Looking for Lost Apple Cultivars

A present-day ‘apple detective’ connects the dots between an 1800s Washington homesteader and the rediscovery of lost heirloom apple cultivars.

| Fall 2018

  • apples
    People, such as David Benscoter, are rediscovering lost heirloom apple cultivars from the 17th, 18th, and 19th centuries.
    Photo by Getty Images/MundusImages
  • prairie-wildflowers
    Robert Burns' abandoned property was eventually incorporated into Steptoe Butte State Park, which is where Benscoter discovered his orchards.
    Photo by Getty Images/ImagineGolf
  • apple-cultivers
    Benscoter discovered lost apple cultivars in areas of the Palouse prairie.
    Photo by Getty Images/antonyspencer
  • apples
    'Fuji' apples are a popular cultivar grown in Washington state.
    Photo by Getty Images/bhofack2
  • Washington
    As the top state in the United States for apple cultivation, Washington is home to a large collection of orchards.
    Photo by Getty Images/BehindTheLens
  • apples
    From left to right: 'Ambrosia,' 'Arkansas Black,' and 'Golden Russet' are three apple cultivars grown in Washington state.
    Photo by Lindsay Gasik
  • apples
    More than 500 heirloom cultivars, including apples, are on display at the annual All About Fruit Show in Molalla, Oregon.
    Photo by Lindsay Gasik
  • malus-domestica
    "Malus domestica" 'Yellow Transparent,' 1910 illustration.
    Photo courtesy of U.S. Department of Agriculture Pomological Watercolor Collection. Rare and Special Collections; National Agricultural Library; Beltsville; MD 20705
  • McAfee
    "Malus domestica" "McAfee,' 1912 illustration.
    Photo courtesy of U.S. Department of Agriculture Pomological Watercolor Collection. Rare and Special Collections; National Agricultural Library; Beltsville; MD 20705
  • fall-jeneting
    "Malus domestica" 'Fall Jeneting,' 1901 illustration.
    Photo courtesy of U.S. Department of Agriculture Pomological Watercolor Collection. Rare and Special Collections; National Agricultural Library; Beltsville; MD 20705
  • apple
    "Malus domestica" 'Dickinson,' 1914 illustration.
    Photo courtesy of U.S. Department of Agriculture Pomological Watercolor Collection. Rare and Special Collections; National Agricultural Library; Beltsville; MD 20705
  • apple
    "Malus domestica" 'Nero,' 1925 illustration.
    Photo courtesy of U.S. Department of Agriculture Pomological Watercolor Collection. Rare and Special Collections; National Agricultural Library; Beltsville; MD 20705
  • apple
    "Malus domestica" 'Shackleford,' 1912 illustration.
    Photo courtesy of U.S. Department of Agriculture Pomological Watercolor Collection. Rare and Special Collections; National Agricultural Library; Beltsville; MD 20705
  • apple
    "Malus domestica" 'Wealthy,' 1904 illustration.
    Photo courtesy of U.S. Department of Agriculture Pomological Watercolor Collection. Rare and Special Collections; National Agricultural Library; Beltsville; MD 20705
  • apple
    Grown in Washington state, 'Winesap' apples are an old cultivar, and is included in the USDA's watercolor collection of apples.
    Photo by Lindsay Gasik

  • apples
  • prairie-wildflowers
  • apple-cultivers
  • apples
  • Washington
  • apples
  • apples
  • malus-domestica
  • McAfee
  • fall-jeneting
  • apple
  • apple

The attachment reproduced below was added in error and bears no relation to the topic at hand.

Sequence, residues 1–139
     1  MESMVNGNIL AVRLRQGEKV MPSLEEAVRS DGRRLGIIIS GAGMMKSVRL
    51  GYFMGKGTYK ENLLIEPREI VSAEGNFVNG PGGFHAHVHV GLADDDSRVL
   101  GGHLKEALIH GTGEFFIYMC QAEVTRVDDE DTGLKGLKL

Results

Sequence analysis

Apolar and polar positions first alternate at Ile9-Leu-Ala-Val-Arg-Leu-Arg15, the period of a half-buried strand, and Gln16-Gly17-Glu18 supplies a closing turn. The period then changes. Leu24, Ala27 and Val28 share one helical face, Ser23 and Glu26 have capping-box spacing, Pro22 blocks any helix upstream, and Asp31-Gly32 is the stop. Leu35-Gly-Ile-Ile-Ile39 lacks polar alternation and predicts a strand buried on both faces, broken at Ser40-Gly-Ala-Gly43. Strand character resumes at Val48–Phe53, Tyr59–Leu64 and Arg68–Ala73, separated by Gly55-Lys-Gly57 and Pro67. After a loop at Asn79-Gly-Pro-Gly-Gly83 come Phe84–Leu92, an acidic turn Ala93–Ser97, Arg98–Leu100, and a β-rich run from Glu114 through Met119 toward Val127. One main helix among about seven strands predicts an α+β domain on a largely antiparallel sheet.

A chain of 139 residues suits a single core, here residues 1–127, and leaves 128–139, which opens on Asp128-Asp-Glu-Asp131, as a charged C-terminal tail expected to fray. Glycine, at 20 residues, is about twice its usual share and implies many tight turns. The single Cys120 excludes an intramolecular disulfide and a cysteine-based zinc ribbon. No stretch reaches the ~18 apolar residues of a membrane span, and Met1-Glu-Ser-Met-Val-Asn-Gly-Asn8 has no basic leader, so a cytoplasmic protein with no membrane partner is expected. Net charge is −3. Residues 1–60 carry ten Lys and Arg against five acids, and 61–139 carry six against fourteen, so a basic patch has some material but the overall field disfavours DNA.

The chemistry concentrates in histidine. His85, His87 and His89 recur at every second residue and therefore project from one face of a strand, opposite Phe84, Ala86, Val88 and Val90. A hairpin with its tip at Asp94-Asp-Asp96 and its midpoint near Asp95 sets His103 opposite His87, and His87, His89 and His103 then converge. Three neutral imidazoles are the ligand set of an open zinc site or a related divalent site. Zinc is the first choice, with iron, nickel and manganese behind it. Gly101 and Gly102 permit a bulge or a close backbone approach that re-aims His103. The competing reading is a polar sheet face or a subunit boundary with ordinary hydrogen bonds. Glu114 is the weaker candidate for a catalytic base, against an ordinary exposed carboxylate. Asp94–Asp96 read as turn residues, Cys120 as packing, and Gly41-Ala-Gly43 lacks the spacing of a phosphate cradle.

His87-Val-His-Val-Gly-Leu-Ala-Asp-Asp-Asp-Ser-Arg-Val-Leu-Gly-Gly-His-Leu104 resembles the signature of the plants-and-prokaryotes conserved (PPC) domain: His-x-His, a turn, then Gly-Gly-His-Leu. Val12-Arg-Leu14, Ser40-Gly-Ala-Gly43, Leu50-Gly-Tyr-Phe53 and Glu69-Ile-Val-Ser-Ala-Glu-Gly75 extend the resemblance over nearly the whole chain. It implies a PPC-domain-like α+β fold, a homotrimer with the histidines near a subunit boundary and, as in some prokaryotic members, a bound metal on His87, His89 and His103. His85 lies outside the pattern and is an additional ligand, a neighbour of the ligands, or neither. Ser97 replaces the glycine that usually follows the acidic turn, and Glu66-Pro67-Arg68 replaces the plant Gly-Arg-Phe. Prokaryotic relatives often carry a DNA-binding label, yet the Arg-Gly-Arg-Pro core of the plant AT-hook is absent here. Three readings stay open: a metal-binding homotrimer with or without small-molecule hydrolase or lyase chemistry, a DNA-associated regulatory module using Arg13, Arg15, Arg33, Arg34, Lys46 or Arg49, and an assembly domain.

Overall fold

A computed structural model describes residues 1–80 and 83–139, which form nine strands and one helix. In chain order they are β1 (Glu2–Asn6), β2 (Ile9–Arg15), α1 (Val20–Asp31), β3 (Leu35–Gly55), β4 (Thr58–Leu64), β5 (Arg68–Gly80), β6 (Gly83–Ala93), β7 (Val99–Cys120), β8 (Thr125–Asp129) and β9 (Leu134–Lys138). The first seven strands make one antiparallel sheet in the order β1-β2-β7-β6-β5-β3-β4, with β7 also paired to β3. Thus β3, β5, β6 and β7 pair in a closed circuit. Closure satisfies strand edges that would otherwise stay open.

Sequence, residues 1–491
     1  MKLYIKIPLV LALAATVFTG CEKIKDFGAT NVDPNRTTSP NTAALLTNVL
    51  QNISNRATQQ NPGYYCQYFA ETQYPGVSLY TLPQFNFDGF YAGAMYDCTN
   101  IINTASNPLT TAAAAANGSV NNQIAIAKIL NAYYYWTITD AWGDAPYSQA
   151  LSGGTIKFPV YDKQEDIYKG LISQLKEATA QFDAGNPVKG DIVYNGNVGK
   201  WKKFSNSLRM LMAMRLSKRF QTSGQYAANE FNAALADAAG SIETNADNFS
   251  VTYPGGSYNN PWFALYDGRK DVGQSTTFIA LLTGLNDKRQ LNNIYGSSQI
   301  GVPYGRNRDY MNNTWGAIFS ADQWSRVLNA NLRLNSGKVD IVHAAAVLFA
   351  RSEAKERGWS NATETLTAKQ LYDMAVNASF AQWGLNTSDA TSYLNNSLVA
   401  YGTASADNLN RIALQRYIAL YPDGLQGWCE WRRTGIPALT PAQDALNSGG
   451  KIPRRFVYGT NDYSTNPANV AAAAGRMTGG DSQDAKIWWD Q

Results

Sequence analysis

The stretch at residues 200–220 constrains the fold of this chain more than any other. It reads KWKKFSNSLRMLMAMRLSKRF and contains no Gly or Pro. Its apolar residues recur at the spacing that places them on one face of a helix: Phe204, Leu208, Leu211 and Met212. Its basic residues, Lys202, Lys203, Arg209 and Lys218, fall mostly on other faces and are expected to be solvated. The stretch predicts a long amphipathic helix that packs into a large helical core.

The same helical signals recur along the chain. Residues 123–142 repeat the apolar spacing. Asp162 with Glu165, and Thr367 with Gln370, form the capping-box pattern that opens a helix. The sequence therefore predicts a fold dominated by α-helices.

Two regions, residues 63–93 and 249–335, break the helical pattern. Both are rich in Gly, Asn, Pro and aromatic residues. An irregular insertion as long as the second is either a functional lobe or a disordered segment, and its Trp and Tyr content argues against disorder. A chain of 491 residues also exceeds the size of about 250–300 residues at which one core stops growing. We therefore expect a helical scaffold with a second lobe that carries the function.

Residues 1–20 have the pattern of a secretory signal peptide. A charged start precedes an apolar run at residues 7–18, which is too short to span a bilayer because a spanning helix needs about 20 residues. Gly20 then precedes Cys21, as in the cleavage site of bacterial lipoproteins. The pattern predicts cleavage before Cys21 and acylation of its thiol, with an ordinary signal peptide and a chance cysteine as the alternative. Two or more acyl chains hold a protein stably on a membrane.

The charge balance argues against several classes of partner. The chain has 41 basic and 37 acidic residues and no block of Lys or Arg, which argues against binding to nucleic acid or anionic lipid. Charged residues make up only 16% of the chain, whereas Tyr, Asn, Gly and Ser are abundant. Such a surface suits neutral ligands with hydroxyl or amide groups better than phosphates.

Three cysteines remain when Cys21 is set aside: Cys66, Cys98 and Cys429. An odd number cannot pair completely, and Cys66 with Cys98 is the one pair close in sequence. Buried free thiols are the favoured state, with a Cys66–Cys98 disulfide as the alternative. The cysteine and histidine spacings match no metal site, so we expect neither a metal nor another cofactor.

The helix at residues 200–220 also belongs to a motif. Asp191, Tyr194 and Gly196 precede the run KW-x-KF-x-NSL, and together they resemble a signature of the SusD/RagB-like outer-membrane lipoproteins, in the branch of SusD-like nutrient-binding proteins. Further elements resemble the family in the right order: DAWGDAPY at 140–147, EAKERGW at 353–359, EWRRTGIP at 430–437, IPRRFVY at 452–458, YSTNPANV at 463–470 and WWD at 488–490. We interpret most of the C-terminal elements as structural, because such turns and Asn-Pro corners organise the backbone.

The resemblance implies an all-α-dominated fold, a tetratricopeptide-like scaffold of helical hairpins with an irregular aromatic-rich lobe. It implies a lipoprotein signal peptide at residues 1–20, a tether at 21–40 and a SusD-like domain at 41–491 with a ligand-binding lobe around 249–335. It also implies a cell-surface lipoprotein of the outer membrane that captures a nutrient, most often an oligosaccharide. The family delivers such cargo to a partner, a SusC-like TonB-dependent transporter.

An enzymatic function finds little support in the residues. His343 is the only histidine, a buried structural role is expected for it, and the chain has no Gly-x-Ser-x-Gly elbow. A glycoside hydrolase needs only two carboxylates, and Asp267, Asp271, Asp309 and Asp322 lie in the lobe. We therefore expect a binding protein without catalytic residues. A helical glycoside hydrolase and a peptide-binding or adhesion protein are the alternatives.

• apple
  • apple
  • apple

The night in 1888 that Robert Burns married his bride, the snow fell so bitterly over the rolling Palouse prairie that the guests stabled their animals and took shelter in the small homestead. Burns was new to eastern Washington, one of thousands of greenhorns who flooded into the newly opened territory to plant wheat and apples. More than a century later, the old apple trees were the clue “apple detective” David Benscoter needed to rediscover some apple cultivars America forgot and the story of the people who grew them.

Historical Heirlooms Resurface

“This is a place to make money with less effort and worry than in other occupations. ... An apple orchard provides as sure an income as government bonds, and more than 25 percent on the investment,” promised an advertorial brochure from the era.

Burns knew that apples were a homesteading staple — brochures at the time rationed 100 trees per family for eating fresh, canning, drying, fermenting into cider, or storing in the cellar. With the newly laid train tracks, Burns figured he could make some money, too, by shipping apples to Chicago, New York, and San Francisco. Apples were booming in Washington, increasing 9-fold between 1880 and 1900 to about 5 million trees.

Most likely with the help of Edwin Hanford, a successful local orchardist and nurseryman, Burns is believed to have selected as many as 145 cultivars. He planted glossy, carmine-red ‘Nero’ and red-striped ‘Mcafee;’ green-gold ‘Shackleford’ and juicy ‘Yellow Transparent.’ Some were to feed his family, some to feed his hogs, and some to ship for what he hoped would be a comfortable profit.



But around 1900, Burns packed his wife and seven children into a wagon and became one of the thousands of homesteaders who left. Their farmhouse rotted away; woodlands grew over their fields. The property was eventually incorporated into Steptoe Butte State Park, which is where David Benscoter discovered the orchard more than 100 years later.

“The picnic area is where I saw all those early apples on the ground,” he says. The thin-skinned, speckled yellow fruits bruising between the tables were so unusual that Benscoter knew he’d stumbled onto a clue worth investigating.

downeaster
9/6/2018 7:24:59 AM

Good article! How do I find out what types the 32+ old apples trees on my property are? They range from yellow ones that are ripe in August to red streaked ones that ripen in late September.







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